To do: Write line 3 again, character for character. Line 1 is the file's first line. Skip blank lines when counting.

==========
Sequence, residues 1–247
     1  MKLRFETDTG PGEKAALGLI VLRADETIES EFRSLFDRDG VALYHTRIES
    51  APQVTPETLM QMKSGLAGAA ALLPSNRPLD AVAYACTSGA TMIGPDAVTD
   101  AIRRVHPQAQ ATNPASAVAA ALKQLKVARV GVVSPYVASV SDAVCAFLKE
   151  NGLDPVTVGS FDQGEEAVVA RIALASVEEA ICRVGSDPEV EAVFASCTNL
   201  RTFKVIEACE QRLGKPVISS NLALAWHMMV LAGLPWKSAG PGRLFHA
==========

    51  APQVTPETLM QMKSGLAGAA ALLPSNRPLD AVAYACTSGA TMIGPDAVTD